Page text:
Mysteries of Mind Space and Time

Intrusions from Elsewhere

Objects that abruptly materialise and others that mysteriously vanish from sight - do they come from and go into another dimension? GUY LYON PLAYFAIR discusses the case for another, invisible, reality.

Mrs Dias quickly picked up the two pieces of stone and found that they fitted together with a strong magnetic attraction. The others present were able to repeat this several times until the stone gradually lost its magnetic force.

Neighbours of the family were also involved in a poltergeist manifestation, which was unusually well-witnessed. During this a local dentist, Mr João Volpe, amassed no less than 312 stones, one weighing over 8 pounds (3.7 kilograms), that had been flung into his house. The happenings apparently centred on an 11-year-old girl. The stones appeared from all directions, yet only once was anybody hit - when a stone appeared in mid-air, tapped three people lightly on the head, and fell to the floor. The witnesses reported that the sensation was like that of being hit by 'a ball of compressed air'.

Right; the Enfield poltergeist strikes again a toy brick is mysteriously flung at the photographer at the moment he takes the picture - but who could have thrown it?

In 1977 a professional photographer, Graham Morris, was less fortunate. He was struck hard on the forehead by a flying toy brick at the moment he released his shutter. His photograph shows two people facing him, one with folded arms and the other with hands in pockets. So who threw the brick? This took place in the early days of the Enfield poltergeist case (see page 290), when several witnesses saw stones, coins and even a paper handkerchief fall to the floor, as if they had come through the ceiling. Other incidents at Enfield that violated accepted laws of physics included the teleportation (transportation by mysterious means) of a book into the house next door, which was witnessed by people in both houses; the appearance in mid-air of a piece of plastic, before the eyes of a relative of the familv involved; and, most remarkable of all, the sudden appearance of a large cushion on the roof of the house, witnessed by several astonished passers-by.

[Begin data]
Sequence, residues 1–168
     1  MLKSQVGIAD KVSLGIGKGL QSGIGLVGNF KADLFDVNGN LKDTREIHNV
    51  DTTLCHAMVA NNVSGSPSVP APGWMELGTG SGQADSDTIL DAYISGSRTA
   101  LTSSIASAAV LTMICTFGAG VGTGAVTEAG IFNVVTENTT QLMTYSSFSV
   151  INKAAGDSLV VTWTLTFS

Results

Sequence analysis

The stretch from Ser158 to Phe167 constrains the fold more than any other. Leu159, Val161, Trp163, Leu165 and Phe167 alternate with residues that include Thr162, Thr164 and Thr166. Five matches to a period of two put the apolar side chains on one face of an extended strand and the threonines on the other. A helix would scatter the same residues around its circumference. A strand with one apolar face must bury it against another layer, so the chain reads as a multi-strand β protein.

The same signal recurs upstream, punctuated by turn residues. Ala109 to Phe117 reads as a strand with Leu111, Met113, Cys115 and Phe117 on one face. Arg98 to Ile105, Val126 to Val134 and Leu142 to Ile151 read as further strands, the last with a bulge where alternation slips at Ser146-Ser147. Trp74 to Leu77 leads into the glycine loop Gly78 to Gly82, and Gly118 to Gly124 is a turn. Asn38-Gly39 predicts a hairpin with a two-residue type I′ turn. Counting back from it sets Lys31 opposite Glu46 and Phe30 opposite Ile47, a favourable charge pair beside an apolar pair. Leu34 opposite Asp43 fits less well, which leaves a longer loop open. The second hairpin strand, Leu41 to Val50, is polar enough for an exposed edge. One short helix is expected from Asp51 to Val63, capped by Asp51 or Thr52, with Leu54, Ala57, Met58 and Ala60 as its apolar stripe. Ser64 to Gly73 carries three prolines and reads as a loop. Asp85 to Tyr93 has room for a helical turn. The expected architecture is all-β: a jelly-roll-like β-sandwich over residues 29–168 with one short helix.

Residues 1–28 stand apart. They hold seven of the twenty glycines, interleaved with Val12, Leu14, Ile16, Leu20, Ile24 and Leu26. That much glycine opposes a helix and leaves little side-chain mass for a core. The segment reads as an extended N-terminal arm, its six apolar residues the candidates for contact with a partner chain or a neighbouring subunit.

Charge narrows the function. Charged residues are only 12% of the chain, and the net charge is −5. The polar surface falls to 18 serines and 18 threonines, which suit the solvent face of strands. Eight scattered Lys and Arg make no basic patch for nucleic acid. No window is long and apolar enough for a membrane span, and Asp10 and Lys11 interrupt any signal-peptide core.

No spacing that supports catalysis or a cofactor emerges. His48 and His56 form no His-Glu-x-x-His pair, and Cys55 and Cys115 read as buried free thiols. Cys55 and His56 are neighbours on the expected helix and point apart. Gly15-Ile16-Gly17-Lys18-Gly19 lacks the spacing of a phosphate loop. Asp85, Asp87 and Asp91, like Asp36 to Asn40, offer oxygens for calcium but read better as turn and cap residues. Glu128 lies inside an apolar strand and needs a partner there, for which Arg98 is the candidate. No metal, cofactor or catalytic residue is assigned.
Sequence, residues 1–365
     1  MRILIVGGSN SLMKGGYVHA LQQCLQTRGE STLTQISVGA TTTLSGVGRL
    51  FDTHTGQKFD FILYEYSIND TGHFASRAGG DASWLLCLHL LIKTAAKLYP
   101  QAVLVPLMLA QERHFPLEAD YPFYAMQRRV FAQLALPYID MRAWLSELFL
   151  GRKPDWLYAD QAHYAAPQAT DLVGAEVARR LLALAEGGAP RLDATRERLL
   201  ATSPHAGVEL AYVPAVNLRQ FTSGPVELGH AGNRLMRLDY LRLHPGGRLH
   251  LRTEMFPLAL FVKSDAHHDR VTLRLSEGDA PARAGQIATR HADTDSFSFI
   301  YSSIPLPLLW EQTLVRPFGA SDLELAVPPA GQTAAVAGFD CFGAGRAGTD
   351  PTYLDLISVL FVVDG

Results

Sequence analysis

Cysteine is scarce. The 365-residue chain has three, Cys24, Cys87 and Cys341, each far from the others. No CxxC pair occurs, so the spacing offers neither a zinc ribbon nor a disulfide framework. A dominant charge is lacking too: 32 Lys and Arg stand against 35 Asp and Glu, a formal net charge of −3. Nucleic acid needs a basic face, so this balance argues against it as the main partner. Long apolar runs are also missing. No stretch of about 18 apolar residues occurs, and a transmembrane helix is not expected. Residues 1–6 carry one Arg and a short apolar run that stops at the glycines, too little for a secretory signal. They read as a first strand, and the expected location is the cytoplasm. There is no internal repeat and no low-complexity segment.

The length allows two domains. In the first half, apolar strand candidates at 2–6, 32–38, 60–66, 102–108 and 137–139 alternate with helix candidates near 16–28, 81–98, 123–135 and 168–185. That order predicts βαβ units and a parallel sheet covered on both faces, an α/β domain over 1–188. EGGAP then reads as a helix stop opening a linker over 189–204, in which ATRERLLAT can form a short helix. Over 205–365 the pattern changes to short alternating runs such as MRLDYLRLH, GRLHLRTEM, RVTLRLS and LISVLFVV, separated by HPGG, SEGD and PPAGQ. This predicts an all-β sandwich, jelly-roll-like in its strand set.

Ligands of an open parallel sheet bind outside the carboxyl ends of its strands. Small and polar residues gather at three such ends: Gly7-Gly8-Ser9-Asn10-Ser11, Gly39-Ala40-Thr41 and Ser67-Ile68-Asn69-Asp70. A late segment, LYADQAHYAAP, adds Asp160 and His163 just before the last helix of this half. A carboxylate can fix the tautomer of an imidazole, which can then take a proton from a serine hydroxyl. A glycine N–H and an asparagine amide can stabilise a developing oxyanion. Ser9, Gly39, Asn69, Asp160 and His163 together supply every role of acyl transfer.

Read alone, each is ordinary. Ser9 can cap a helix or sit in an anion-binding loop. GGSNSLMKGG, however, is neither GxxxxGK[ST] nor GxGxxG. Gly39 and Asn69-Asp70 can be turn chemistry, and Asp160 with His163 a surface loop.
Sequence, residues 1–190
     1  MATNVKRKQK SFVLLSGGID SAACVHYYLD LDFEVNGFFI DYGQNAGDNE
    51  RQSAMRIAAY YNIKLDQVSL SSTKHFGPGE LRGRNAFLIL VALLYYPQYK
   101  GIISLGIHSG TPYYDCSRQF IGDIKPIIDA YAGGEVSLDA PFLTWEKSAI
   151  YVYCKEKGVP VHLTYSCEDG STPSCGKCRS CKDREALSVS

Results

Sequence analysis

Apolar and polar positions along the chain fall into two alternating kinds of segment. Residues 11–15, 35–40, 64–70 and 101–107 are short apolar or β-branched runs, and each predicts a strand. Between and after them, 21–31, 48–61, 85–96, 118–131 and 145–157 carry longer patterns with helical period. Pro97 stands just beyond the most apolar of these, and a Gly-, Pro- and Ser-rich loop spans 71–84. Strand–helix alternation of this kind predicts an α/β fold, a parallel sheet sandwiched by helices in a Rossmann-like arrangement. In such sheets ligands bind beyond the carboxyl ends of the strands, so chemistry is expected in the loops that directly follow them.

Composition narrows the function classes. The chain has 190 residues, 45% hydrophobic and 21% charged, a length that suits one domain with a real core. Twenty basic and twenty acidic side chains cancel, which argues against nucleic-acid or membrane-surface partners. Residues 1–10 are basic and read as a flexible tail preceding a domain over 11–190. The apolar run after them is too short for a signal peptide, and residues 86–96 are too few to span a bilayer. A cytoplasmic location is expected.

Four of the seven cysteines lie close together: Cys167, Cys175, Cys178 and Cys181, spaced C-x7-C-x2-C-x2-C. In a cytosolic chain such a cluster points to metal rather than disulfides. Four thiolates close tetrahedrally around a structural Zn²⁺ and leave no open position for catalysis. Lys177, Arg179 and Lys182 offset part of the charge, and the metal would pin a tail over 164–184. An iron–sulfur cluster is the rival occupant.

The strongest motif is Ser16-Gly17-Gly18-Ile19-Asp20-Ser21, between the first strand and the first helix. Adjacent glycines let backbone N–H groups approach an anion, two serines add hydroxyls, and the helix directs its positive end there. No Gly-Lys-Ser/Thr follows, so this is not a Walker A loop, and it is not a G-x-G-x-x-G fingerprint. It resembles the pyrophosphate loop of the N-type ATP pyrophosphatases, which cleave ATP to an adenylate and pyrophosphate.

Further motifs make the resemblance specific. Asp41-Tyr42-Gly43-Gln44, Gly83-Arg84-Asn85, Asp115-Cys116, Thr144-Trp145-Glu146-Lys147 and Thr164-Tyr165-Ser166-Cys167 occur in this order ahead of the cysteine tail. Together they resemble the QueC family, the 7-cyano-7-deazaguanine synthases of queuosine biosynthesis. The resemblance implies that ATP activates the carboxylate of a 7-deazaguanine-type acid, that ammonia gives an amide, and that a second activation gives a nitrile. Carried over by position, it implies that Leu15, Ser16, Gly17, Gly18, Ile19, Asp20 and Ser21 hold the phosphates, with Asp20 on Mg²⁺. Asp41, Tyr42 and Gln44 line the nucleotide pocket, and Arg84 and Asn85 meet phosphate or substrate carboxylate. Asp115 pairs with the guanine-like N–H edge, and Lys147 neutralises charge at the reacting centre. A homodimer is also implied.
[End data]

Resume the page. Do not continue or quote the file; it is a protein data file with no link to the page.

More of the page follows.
The Impossible Dimension

Space has three dimensions: every object has length, breadth and depth, and the position of any point is specified by three 'co-ordinates'. For example, each point in a room can be defined by its height above the floor and its distance from, say, the front wall and a side wall. Distances in each dimension can be measured -off along a straight line or 'axis' (left). The vertical axis makes right angles (blue) with both the horizontal axes. Each horizontal axis makes right angles (black and red) with the other two axes. If we lived in four spatial dimensions, we could draw a fourth axis at right angles to these three. We cannot - a fourth dimension cannot be pictured.

Similar incidents have been reported since the year AD 530, when Helpidius, a deacon and physician, described numerous showers of stones inexplicably falling in his own house. The similarity of reports from places as widely separated as Brazil, Sumatra, Mauritius and England lends them a degree of collective credibility.

If we accept the reality of events that seem to disobey known laws, we must search for new laws, and listen with care to those who have studied the evidence. Dr George Owen, author of the standard work Can we explain the poltergeist? (1964), suggests three ways in which objects could be teleported. These are:

instantaneous transfer; transfer through a higher space (that is, another dimension); and acquisition of a state in which there is no reaction with ordinary matter, so that the object can penetrate matter freely. Dr Owen admits that he finds them all 'somewhat implausible a priori', and the evidence for them 'suggestive but not conclusive'.

He rejects the idea of instantaneous transfer on the grounds that it would imply the transport of matter or energy at speeds faster than light, which contradicts relativity. The notion of a higher space seems more plausible, since it is mathematically conceivable and scientists are prepared to consider it at least theoretically permissible. Indeed, the philosopher and physicist Ernst Mach 1838-1916), who strongly influenced Einstein, wrote that sudden appearances of objects in our space would be the best possible evidence for the reality of higher spatial dimensions unperceived by us.

Finally, there is the possibility that a physical object passes into a state where it ceases to react with ordinary matter, incidentally becoming invisible to us. The 'astral plane' of occult tradition could perhaps be this state.

Below: half a vanadium carbide crystal, the other half having vanished inexplicably when Uri Geller concentrated on it during experiments at Birkbeck College, London, in 1974